The Cleveland Clinic said it "took action not to reappoint" cardiologist Jay Yadav to its staff, reportedly because Yadav failed to disclose financial interests in a stroke-prevention product he helped invent and market. "There were some disclosure issues that led our board of governors to act," said Eileen Sheil, the clinic's executive director of public and media relations. The clinic initiated an outside review of its conflict-of-interest policies in December 2005 following a Wall Street Journal report that raised questions about relationships between the clinic's financial interests and research conducted by its physicians on patients. In May, the clinic adopted new policies that included a "renewed commitment by the board to maintain and preserve a balance between innovation and transparency," according to a statement.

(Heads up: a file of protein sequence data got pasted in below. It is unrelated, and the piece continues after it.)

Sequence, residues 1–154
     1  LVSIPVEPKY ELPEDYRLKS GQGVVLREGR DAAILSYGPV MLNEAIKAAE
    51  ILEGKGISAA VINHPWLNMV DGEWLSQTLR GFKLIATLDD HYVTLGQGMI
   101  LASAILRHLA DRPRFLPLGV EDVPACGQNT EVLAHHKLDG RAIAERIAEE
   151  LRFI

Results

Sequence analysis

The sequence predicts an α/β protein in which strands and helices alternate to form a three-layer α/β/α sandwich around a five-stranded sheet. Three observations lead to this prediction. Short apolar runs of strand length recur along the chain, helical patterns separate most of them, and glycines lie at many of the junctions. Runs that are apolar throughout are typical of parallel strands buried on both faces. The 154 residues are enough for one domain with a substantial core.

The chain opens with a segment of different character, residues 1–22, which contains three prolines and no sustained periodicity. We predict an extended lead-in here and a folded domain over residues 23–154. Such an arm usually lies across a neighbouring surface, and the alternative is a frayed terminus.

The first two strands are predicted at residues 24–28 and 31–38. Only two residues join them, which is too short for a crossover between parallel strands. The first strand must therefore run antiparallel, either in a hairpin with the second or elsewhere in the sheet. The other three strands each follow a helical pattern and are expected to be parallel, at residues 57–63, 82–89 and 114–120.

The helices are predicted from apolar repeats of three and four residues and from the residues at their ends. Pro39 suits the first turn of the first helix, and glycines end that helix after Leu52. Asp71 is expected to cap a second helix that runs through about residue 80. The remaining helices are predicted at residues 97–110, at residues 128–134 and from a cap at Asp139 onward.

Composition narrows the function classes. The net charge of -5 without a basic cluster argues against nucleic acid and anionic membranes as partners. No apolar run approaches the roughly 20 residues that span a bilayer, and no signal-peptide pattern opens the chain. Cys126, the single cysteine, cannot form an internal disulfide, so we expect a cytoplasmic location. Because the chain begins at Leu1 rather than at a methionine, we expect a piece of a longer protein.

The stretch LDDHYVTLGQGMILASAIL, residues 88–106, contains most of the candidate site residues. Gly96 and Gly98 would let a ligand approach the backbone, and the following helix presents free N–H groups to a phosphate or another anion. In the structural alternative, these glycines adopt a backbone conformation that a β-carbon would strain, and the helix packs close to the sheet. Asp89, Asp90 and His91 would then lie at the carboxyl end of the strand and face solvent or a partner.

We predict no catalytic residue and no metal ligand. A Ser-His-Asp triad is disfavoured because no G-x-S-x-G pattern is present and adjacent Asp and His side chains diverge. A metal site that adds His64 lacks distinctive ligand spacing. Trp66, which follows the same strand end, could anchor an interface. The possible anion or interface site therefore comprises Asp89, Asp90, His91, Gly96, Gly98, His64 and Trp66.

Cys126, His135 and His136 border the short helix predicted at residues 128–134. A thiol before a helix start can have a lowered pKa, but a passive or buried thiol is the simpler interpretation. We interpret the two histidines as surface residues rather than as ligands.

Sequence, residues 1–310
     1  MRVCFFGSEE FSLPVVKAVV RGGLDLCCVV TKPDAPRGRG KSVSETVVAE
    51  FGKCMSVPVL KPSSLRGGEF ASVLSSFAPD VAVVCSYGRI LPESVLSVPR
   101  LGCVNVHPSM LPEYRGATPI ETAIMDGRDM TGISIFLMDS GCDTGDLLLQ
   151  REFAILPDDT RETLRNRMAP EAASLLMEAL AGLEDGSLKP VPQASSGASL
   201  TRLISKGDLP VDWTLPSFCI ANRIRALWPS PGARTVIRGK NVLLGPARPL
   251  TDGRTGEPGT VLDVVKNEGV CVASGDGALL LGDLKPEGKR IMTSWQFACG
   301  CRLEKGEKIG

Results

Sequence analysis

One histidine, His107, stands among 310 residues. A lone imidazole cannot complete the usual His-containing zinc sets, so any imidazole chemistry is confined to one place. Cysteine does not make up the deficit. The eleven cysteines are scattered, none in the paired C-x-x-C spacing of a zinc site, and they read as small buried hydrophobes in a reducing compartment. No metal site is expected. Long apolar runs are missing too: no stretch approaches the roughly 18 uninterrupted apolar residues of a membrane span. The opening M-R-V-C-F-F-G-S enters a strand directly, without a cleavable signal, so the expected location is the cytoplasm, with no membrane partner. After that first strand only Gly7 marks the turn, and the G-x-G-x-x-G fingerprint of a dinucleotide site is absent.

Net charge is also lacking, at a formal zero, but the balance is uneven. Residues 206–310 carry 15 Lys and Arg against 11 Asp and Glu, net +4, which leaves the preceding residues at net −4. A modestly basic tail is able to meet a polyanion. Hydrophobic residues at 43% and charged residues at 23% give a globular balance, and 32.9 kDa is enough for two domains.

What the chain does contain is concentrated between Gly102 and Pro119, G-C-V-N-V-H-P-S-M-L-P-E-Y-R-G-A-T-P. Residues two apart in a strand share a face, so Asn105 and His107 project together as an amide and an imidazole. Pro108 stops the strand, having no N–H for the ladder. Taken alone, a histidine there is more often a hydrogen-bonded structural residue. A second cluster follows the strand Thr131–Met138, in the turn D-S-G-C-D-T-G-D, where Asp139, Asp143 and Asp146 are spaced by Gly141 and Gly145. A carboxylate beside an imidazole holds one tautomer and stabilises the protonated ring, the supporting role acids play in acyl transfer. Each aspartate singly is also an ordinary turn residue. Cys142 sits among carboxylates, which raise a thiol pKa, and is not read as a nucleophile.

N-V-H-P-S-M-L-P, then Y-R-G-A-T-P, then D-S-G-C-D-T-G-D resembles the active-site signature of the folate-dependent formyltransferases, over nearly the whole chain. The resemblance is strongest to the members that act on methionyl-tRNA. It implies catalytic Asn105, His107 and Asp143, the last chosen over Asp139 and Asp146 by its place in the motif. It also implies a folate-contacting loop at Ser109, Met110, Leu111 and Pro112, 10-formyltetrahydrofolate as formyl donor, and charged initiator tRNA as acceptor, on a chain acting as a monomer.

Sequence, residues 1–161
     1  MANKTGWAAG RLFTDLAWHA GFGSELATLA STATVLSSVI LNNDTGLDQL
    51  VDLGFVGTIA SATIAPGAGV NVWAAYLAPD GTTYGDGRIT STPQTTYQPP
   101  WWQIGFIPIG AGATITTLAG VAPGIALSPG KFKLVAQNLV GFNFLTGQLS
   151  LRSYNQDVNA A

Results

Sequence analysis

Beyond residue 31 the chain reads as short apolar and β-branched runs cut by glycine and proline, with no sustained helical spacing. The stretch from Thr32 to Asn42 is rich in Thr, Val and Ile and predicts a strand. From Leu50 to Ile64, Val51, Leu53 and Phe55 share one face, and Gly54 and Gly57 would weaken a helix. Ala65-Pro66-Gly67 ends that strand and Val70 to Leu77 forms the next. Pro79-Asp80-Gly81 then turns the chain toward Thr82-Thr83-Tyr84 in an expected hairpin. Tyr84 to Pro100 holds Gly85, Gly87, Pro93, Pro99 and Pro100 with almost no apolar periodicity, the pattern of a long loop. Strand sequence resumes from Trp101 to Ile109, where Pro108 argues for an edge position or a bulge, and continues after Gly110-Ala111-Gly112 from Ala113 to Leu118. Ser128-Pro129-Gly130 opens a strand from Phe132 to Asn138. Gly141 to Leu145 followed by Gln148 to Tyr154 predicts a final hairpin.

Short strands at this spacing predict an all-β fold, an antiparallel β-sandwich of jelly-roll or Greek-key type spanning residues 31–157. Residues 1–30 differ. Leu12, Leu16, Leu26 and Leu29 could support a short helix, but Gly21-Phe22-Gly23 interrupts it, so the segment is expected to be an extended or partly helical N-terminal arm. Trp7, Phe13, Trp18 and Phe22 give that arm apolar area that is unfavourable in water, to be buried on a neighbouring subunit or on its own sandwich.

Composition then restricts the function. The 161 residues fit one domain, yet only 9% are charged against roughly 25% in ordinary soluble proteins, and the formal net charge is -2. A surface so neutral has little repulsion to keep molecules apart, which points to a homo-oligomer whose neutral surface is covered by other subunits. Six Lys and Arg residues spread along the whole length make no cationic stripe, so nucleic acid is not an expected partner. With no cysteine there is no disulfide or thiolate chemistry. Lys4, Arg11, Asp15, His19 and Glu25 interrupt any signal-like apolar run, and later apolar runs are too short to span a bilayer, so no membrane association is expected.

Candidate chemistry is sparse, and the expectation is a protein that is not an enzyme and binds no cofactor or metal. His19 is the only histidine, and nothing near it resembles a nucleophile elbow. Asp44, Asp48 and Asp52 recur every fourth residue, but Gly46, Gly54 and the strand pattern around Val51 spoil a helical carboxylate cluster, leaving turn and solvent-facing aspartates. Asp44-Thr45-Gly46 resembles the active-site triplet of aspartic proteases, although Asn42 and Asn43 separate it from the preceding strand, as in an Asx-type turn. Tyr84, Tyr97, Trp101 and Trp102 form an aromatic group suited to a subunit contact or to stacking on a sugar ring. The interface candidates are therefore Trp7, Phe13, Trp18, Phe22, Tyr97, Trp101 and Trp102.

Yadav, 46, joined the clinic in 1998 and was named chairman of Cleveland Clinic Foundation Innovations, its technology transfer and commercialization division, in October 2005. AngioGuard, a company Yadav founded prior to joining the clinic, was sold to Cordis Corp., a division of Johnson & Johnson, in 1999 for about $40 million, plus royalties, according to the Cleveland Plain Dealer. Yesterday, Yadav offered to donate his proceeds from the deal to charity, the Plain Dealer reported. At deadline, Yadav and a spokesperson for Cordis could not be reached for comment.